Workplace violence bill gets new life

Nurses and health professionals are one step closer to federal protection from workplace violence with the passage of the Violence Prevention for Health Care and Social Service Workers Act (H.R. 1195) in the U.S. House of Representatives April 16.

woman in scrubs holding up both of her hands in front of her as if to defend herself
Getty Images/Credit:AaronAmat

Rep. Joe Courtney (D-Conn.) introduced the measure to help workers like Carol Grant who has been a nurse for 17 years. She is no stranger to dealing with patients or family members who get violent. Workplace violence has gotten worse, especially in the last three or four years, she says: “It is definitely happening more and more in the workplace. You try and make excuses, but it just gets really out of hand sometimes.” 

An incident she endured last summer is a prime example. Grant was tending to a patient, and she had a gut feeling the patient was hiding something; she never imagined it would be a gun. The patient pulled the weapon on Grant, who managed to talk her way out of the situation, but the incident left some psychological scars.

“They all called me ‘hero’ when it happened,” says Grant; but for months, she felt like she was in a trance and suffered post-traumatic stress. When the hospital eliminated her position because she missed work due to PTSD, she was shocked. “I just saved God knows what from happening at the hospital,” says Grant, who felt abandoned and isolated by the administration after the incident. Her union is standing with her.

Courtney’s bill would curb the rising rates of workplace violence facing healthcare and social service employees by requiring the Occupational Safety and Health Administration to develop enforceable safety standards for these workers.

“Healthcare and social workers have been waiting for years, long before COVID, to have their safety taken seriously while they’re working hard to ensure everyone else’s,” says Rep. Courtney. “These workers are facing a disturbing level of violence; it’s happening in every congressional district across the country, and they shouldn’t have to fear for their own lives while they’re at work trying to save ours.”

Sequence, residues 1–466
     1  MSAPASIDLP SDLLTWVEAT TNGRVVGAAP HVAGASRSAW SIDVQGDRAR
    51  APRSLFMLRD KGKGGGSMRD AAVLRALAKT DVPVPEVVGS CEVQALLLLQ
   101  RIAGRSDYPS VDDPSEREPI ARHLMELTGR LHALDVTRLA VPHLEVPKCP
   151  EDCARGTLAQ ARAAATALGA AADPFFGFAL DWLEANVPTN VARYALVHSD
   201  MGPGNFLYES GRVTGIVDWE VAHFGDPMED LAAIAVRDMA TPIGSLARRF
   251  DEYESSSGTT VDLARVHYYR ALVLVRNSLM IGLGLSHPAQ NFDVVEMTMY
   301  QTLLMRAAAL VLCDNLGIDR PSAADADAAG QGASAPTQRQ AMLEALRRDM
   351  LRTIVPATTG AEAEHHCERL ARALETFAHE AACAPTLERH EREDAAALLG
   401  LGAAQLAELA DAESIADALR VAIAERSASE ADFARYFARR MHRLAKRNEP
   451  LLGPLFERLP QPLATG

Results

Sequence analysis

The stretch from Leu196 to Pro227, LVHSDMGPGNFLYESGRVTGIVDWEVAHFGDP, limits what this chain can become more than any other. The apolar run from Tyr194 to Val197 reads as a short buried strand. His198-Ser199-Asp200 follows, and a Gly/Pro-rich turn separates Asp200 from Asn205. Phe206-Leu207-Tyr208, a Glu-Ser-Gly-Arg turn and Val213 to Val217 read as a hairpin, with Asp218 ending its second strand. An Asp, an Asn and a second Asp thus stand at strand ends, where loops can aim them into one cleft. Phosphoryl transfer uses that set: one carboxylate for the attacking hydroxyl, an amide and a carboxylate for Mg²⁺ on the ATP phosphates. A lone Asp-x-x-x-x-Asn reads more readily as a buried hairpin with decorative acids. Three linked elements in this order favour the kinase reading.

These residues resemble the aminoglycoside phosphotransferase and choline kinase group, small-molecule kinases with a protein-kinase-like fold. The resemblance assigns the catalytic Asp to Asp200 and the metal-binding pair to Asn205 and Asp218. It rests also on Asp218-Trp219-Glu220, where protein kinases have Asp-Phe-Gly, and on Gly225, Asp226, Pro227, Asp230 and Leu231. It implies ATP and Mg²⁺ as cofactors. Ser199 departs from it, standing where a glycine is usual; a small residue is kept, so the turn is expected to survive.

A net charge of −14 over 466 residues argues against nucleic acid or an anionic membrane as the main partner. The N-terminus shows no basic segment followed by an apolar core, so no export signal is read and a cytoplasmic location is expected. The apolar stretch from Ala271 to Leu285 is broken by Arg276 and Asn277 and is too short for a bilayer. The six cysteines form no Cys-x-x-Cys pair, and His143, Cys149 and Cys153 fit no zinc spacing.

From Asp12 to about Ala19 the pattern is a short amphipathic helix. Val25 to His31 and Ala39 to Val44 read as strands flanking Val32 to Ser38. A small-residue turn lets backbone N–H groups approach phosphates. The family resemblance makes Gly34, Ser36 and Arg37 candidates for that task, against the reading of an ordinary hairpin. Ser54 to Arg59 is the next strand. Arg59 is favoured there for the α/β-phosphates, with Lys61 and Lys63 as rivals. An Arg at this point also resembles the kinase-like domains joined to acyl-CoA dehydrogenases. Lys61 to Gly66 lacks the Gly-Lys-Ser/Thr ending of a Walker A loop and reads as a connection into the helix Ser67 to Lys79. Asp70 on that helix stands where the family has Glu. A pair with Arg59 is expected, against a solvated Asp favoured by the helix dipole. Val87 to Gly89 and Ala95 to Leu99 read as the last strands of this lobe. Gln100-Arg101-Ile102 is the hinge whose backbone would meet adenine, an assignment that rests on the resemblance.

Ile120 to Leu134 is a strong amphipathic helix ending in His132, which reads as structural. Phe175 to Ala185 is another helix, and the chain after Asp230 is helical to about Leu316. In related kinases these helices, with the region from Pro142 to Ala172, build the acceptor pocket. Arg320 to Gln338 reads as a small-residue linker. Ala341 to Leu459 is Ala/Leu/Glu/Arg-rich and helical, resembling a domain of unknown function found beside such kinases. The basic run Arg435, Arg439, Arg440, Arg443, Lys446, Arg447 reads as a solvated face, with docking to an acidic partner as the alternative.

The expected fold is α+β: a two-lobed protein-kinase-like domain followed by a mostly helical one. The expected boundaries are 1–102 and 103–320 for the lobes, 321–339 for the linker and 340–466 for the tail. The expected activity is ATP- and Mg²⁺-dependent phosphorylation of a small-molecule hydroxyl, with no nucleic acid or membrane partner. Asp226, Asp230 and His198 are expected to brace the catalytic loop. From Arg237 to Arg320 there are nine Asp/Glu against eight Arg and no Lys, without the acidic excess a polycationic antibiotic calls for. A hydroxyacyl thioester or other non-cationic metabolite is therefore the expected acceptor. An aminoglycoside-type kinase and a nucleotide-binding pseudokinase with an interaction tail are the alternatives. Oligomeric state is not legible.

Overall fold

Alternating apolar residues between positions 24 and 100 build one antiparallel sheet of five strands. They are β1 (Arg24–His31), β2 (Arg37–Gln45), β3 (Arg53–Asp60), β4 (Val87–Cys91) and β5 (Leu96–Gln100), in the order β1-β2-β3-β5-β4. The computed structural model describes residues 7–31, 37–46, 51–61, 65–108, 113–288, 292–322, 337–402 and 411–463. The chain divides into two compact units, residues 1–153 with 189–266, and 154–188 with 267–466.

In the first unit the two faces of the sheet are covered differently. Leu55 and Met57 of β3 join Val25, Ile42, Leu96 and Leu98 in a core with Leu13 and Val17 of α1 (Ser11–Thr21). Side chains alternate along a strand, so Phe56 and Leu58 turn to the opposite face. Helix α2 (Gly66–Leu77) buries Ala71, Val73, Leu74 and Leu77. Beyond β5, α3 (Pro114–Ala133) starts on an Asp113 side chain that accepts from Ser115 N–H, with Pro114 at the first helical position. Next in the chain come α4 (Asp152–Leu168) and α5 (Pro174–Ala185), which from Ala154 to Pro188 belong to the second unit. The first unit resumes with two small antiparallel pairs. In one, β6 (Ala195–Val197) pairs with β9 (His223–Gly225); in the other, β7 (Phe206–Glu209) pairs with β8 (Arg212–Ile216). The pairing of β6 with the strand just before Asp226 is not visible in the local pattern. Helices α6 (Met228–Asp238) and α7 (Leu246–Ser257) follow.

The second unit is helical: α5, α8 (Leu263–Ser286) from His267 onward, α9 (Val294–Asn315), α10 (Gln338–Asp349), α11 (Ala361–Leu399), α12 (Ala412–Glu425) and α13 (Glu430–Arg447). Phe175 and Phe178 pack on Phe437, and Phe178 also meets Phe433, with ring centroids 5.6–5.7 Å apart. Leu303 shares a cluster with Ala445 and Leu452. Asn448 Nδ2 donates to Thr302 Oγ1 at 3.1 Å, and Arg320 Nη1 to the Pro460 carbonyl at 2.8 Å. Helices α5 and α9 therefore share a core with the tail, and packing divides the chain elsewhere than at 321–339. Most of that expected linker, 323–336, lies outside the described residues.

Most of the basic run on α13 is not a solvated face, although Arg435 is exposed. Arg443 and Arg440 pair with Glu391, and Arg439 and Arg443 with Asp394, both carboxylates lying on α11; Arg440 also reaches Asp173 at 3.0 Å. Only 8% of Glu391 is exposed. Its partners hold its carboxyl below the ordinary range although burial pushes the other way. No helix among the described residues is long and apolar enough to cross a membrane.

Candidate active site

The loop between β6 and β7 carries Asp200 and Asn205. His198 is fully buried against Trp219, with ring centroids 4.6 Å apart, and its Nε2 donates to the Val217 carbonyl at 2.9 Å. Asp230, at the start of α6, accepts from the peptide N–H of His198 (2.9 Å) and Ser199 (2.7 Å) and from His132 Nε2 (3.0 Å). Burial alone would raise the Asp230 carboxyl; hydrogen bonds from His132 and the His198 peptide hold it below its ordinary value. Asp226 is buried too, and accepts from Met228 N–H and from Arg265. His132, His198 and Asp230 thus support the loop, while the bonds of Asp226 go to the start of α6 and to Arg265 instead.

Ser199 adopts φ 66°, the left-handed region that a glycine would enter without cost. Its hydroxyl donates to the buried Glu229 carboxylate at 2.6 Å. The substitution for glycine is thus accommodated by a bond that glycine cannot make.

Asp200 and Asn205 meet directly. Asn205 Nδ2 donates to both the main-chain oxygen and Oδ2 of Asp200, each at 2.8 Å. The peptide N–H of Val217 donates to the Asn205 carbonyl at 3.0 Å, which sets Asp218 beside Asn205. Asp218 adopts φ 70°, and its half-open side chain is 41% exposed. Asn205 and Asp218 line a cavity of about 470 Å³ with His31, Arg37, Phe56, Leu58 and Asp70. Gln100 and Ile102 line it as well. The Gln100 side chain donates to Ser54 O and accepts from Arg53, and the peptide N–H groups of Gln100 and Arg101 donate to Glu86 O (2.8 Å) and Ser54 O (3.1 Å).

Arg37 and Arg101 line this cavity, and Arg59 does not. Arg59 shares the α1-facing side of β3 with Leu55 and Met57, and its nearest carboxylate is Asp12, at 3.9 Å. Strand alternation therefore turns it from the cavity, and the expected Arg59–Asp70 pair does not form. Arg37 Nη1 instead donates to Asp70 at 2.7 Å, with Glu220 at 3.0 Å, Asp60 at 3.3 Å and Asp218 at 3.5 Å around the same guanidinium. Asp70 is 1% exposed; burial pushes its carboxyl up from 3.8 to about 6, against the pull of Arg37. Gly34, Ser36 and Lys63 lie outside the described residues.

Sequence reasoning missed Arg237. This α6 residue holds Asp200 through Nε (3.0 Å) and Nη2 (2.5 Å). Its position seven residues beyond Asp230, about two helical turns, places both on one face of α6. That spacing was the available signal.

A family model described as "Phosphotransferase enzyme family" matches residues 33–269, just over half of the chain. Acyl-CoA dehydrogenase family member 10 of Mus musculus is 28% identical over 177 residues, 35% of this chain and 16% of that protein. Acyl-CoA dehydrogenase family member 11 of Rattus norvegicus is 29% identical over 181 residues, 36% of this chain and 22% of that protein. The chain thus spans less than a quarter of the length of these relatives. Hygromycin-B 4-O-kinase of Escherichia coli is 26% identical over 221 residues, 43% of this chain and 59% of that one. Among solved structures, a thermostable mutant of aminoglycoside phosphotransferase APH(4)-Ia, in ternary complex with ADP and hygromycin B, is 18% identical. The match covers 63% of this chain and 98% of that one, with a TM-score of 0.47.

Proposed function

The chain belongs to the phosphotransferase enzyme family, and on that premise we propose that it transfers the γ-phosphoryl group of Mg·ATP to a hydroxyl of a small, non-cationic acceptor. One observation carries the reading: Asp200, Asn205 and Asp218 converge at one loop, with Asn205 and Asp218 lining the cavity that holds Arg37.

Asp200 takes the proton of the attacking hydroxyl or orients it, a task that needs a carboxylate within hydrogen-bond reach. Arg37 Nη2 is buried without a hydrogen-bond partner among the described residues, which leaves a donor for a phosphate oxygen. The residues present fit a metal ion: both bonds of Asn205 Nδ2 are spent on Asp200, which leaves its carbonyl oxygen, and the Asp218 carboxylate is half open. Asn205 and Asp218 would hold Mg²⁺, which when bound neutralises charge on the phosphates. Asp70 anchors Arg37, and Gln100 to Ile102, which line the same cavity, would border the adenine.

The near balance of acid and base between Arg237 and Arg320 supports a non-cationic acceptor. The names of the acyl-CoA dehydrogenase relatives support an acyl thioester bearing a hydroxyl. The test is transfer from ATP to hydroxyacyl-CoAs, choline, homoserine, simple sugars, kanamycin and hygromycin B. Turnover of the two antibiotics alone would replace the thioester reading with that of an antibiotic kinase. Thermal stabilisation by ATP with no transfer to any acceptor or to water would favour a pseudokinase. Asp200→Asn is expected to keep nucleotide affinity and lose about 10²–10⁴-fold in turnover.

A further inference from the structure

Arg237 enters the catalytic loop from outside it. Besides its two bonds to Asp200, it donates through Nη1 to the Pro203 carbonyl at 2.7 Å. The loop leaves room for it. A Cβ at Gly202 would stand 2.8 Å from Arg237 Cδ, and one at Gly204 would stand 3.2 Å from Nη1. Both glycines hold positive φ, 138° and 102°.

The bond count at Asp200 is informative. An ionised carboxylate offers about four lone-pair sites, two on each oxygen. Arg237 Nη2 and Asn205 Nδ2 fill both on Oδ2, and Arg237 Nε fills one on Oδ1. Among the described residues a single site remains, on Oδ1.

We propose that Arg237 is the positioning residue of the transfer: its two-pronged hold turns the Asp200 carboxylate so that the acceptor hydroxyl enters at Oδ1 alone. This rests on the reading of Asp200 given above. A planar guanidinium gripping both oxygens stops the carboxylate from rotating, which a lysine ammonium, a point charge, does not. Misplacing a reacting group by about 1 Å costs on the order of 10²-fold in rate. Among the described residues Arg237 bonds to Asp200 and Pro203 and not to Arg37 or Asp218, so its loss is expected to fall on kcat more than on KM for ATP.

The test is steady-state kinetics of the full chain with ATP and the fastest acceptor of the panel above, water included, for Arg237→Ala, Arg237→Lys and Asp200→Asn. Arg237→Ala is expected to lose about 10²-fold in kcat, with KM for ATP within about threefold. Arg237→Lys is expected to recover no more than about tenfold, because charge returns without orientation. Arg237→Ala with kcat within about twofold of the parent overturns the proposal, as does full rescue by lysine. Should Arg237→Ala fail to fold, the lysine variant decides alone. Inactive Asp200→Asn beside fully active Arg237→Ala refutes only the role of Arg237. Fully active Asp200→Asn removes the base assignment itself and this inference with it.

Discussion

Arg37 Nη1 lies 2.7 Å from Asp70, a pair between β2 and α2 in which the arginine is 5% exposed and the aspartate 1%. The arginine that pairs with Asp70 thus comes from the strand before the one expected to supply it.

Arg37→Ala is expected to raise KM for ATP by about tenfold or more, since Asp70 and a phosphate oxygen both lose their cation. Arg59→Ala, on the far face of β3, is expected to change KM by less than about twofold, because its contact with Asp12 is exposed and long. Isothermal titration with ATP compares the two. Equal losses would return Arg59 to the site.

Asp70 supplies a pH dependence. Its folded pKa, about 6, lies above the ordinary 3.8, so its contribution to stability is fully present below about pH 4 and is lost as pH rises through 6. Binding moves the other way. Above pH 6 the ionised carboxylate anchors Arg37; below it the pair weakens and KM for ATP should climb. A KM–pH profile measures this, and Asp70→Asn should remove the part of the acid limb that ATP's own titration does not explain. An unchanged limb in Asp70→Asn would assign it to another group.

The House voted to pass H.R. 1195 on a bipartisan basis by a vote of 254-166—an even greater bipartisan majority than when similar legislation introduced by Courtney passed the House in 2019. The vote is a victory for AFT’s nurses and health professionals who championed this legislation from the beginning.

“Every single worker in this country should have the right to a safe workplace, no matter what job they do. Unfortunately, the COVID-19 pandemic laid bare the fact that this isn’t a reality for far too many,” said AFT President Randi Weingarten after the bill’s passage. “For our healthcare professionals—who experience 73 percent of reported workplace violence injuries—this means more than kind words and nightly applause; these workers need federal protections to keep them safe from the epidemic of workplace violence and other serious hazards they face while caring for patients.”

Although nurses and health professionals on the frontlines agree with the need for this legislation, the American Hospital Association voiced its opposition, asserting that many hospitals already have programs in place to prevent workplace violence. However, the workplace violence rate continues to increase every year, showing that voluntary efforts are not enough.

Grant believes the legislation would have helped her by forcing hospitals to improve security and follow policies that would prevent violence.

“Passage of our bill in the House today is an important step forward in this effort to curb workplace violence, but it can’t be the last,” said Courtney. “The Senate of the 116th Congress failed to take our bipartisan bill up for a vote. The new Senate majority should not make the same mistake. They should follow our lead and move our bipartisan bill on to President Biden’s desk for signature.”

Check out AFT’s workplace prevention toolkit.

[Adrienne Coles]